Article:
Calving Interval & Relative Calving Date…the Ranch Profit indicators everyone has, but very few actually use…
Even as we select for faster post-weaning gains, Prime carcass quality, heavier carcass weights and more efficient feed conversion, most of us know our bottom line will be no better than our cow herd’s reproductive success. So, unless our management and marketing strategy prescribes that we purchase all of our replacements and breed them to terminal sires with excellent predictions for post-weaning profitability, most of us yearn for tools that effectively rank our cow herds for reproductive phenotypes and ultimately their impact on our operation’s profitability. There are two such “Key Success Measures” for cow/calf producers that come around every year, and can be measured without any tool more expensive than a calendar or a calving book.
For a seedstock operation that is tagging calves and recording individual birth dates. Calving Interval and Relative Calving Date are almost so obvious that most folks forget to look at them. Yet outside of an “Open” or “Pregnant” diagnosis, all other pre-weaning observations pale in comparison in terms of their impact on a successful, profitable and sustainable outcome for a cow/calf operation.
Most cow/calf operations have a desired time of year that they prefer to calve. This desired calving season often corresponds to weather, available feed, facilities and marketing strategies. Breeding dates are selected according to the producers’ desired calving dates – minus the cows’ gestation length. These factors that affect a producers’ decisions about calving dates are generally constant year over year, so most herds have breeding dates that reoccur annually. For example: a southeastern producer who wants to begin calving around the first of September may “religiously” turn bulls out the day after Thanksgiving. In the panhandle of Nebraska, a producer with good winter calving facilities may breed heifers on May 5th (for a February 10th calf) and the cow herd 3 weeks later so they’ll start calving around the first of March. Once a herd has their annual Breeding/Calving plan established where it doesn’t change from year to year, Calving Interval becomes an important data point – both to evaluate an individual animal relative to their herd-mates as well as understanding the cow herd’s fit to its environment as observed through reproductive outcomes.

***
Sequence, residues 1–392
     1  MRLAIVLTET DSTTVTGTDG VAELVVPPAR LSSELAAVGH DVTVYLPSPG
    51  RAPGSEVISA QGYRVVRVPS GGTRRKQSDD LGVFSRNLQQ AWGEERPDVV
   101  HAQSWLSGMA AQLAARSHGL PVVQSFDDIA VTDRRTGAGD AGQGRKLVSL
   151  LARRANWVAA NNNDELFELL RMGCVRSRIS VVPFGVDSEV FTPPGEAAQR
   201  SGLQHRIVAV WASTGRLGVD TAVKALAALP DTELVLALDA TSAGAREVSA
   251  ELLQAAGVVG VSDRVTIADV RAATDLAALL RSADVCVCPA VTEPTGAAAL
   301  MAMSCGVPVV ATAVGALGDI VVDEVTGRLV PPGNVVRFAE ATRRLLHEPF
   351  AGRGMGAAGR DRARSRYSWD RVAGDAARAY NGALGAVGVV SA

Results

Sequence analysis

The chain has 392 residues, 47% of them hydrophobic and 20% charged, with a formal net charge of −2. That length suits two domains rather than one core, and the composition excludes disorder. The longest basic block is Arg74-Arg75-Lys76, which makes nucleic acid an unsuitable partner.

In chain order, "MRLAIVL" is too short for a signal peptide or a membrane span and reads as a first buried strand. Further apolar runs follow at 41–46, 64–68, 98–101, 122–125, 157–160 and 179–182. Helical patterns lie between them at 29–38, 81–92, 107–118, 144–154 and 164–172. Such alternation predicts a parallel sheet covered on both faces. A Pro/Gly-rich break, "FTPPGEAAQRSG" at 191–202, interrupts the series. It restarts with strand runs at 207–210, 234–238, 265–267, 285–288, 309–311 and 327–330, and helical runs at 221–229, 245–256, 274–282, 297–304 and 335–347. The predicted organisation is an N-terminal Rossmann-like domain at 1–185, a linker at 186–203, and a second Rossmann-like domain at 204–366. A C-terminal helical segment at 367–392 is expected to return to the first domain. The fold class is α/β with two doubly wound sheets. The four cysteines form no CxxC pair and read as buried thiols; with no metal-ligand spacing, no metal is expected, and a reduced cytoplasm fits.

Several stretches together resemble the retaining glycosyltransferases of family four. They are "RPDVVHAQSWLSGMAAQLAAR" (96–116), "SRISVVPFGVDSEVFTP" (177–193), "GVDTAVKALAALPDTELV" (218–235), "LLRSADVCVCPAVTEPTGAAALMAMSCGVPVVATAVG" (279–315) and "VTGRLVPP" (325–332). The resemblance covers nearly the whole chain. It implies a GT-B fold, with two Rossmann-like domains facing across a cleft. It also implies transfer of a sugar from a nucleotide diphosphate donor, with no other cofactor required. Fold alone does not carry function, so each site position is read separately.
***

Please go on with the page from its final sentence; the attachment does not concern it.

Calving Interval refers to the number of days between a cow’s successive calves. If we want our cows to calve the same time of year and do it over their lifespan they have to breed back within 80-85 days of their last calf’s birth date. As calving intervals stretch significantly longer than 365 days cows are slipping further back in the calving season. A cow with a 400-day calving interval is losing roughly one month a year. Her calving dates are sliding from Feb 1st to March 1st to April 1st and soon she’s sliding right into the sale barn and causing you to prematurely replace her with a heifer you could have cash cropped not to mention the time and feed resources she leaves unpaid.
Given the prior paragraph’s discussion of set calving seasons, it would be logical to expect a best-case scenario to be a herd of 365-day calving intervals. That best case gets even better when cows maintain that throughout a long and productive life of 10-12 years. However, some management scenarios make 365-day calving intervals improbable if not impossible. For example, if a herd calves it’s heifers 30 days ahead of the cow herd which is set to begin calving on April 1st, then a “perfect score” for a 6-year-old cow would be about 373 days. See the table 1 below:
|Cow Age (yrs)||Calving Date||Calf Number||Calving Interval (days)|
|2 -yr-old||March 1st||1st calf|
|3-yr-old||April 1st||2nd calf||395|
|4-yr-old||April 1st||3rd calf||365|
|5-yr-old||April 1st||4th calf||365|
|6-yr-old||April 1st||5th calf||365|
|Average Calving Interval||373|
Also, isn’t uncommon to find calving intervals less than 365 days, and they are not necessarily better. Table 2 below looks at a different female in a different herd that utilizes a 60-day breeding season designed to start calving on March 1st. This herd breeds their heifers to calve at the same time as the cow herd. If the female in question conceives at the very end of her first breeding season, she’s probably 3 heat cycles behind her contemporaries and might not calve until the last week of April. She only has about a month before bulls are turned out, and only 90 days before bulls are pulled. She’s in danger of falling out before she turns three. But, let’s say she breeds back by the first of July; she’ll calve earlier in April the following year. If she moves up again by breeding in Mid-June she’s maintaining a 350-day calving interval. Yes, her great calving-interval number is keeping her from falling out of the herd and she’s moving in the right direction. But after three years, she’s still calving three weeks behind the earlier calving cows and has accumulated a lot of pounds and dollars left on the table when compared to her earlier calving herd mates. That’s why when we look at Calving Interval, we must also look when in the calving season those cows calve.